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Hammond holds Britain to ransom, McDonnell charges

The shadow chancellor criticises successive Tory governments’ records of slashing public services

JOHN McDONNELL accused Chancellor Philip Hammond today of threatening more financial pain for Britain if MPs do not accept Theresa May’s twice-rejected Brexit deal.

The shadow chancellor criticised successive Tory governments’ records of slashing public services funding and freezing benefits while having given “over £110 billion of tax cuts to the rich and corporations.”

Mr Hammond pledged spending £26.6bn to boost the economy if MPs vote to leave the EU with a deal.

“This is a calamitous strategy. It is forcing people into intransigent corners,” Mr McDonnell said in the Commons.

“Austerity was never a necessity, it was always a political choice.”

PM May’s Withdrawal Agreement was rejected for the second time last night by a 149-vote majority, however the deal could be returned to the Commons for a third vote.

Mr McDonnell accused Mr Hammond of shifting the responsibility of the economy on “the shoulders of head teachers, NHS managers, local councillors, police commissioners and, worst of all, onto the backs of many of the poorest in our society.”

Mr Hammond has also presided over a “pattern” of GDP growth downgrades by the Office of Budget Responsibility, he pointed out.

The government has boasted of a 1.2 per cent growth forecast this year, but Mr Hammond had omitted to mention that it had been downgraded from 1.6 per cent.

Economists have mainly attributed incremental growth to “consumption based upon high levels of household debt,” Mr McDonnell said.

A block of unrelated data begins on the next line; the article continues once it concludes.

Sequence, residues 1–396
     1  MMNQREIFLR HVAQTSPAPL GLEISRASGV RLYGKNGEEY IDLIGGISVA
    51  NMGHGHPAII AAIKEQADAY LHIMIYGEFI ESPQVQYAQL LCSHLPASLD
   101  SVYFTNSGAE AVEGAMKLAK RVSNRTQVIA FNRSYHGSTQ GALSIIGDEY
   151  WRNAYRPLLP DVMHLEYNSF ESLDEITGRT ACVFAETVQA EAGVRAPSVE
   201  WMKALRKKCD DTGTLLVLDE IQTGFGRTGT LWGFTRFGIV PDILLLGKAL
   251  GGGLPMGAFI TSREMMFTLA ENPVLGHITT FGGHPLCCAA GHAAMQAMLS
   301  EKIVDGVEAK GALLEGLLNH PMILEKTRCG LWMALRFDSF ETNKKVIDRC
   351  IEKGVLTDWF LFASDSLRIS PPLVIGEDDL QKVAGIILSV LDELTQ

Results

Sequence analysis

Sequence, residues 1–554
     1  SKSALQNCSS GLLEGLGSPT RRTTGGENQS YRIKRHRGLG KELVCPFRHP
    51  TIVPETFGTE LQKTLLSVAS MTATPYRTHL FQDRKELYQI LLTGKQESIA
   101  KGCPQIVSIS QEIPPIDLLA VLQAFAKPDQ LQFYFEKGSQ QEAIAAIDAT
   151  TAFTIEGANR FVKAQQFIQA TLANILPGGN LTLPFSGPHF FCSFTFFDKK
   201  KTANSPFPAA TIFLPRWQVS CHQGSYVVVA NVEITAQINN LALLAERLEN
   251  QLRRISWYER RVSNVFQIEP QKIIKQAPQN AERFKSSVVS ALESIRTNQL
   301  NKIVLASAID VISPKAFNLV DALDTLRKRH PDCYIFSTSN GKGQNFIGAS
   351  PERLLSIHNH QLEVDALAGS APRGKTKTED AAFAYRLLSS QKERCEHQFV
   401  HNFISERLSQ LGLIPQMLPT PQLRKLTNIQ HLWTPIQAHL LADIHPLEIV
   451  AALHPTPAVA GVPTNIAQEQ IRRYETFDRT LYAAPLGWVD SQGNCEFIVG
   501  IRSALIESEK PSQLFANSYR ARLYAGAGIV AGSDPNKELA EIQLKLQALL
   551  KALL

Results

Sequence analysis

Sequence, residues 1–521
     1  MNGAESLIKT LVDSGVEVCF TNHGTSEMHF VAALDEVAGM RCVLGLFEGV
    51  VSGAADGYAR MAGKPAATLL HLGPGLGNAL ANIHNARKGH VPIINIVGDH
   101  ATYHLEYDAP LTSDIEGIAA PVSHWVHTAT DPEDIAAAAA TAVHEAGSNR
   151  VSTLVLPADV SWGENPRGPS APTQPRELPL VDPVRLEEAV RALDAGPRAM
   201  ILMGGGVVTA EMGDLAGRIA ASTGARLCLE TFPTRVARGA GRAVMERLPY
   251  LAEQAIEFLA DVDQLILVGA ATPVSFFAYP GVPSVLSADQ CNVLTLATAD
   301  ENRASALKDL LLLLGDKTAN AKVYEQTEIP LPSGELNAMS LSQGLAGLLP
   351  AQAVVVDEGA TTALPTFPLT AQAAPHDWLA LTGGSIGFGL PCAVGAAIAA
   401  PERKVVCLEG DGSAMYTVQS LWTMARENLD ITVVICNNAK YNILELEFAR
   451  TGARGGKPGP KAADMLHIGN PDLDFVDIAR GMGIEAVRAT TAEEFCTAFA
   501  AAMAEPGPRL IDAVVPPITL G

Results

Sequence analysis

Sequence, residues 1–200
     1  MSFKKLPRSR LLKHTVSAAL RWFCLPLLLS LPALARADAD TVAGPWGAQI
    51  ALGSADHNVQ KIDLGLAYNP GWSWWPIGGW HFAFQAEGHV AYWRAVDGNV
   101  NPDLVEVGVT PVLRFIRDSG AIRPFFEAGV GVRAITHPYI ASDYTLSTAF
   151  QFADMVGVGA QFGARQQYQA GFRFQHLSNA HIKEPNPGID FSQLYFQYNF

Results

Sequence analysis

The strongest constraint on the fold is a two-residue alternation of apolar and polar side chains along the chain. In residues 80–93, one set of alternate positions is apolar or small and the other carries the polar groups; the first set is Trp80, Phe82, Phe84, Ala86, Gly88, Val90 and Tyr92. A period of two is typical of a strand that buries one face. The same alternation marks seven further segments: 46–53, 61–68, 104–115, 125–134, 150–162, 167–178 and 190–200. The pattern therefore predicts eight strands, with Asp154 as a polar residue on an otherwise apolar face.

The Institute for Public Policy Research (IPPR) think tank criticised Mr Hammond for boasting of “lower borrowing and debt” but not increasing public spending.

IPPR associate director for work and welfare Clare McNeil said:  “Household debt is at a record high. The public are having to pick up the pieces from lower public spending, whether by providing more unpaid care, by having their benefits frozen while the cost of living rises, or — because of legal aid cuts — having to pay for their own defence costs.”

Women’s Budget Group director Dr Mary-Ann Stephenson said that Mr Hammond’s pledge to have sanitary products available for free in secondary schools would not help tackle the root causes of poverty.

She said: “Lone parents — the majority of whom are women — and their children will continue to be the hardest hit. The freeze won’t just make it hard to afford tampons and sanitary towels, it represents several months’ food bills for a poorer family.”

The Joseph Rowntree Foundation also condemned the government’s refusal to end the benefits freeze.

The freeze continuing for another year will leave families £560 worse off on average — equivalent to three months of food shopping for an average low-income family — the think tank said.

Chief executive Campbell Robb said: “The government can buy itself time by asking to extend Article 50 — working families can’t get an extension to meet the essential costs of family life.”

Unison said that the government was so consumed with its floundering Brexit plans that it was “unable to respond” to urgent pleas from schools, councils and hospitals.

General secretary Dave Prentis said: “The Chancellor’s statement will be swiftly forgotten, but the consequences of inaction will continue to scar communities for generations to come.”

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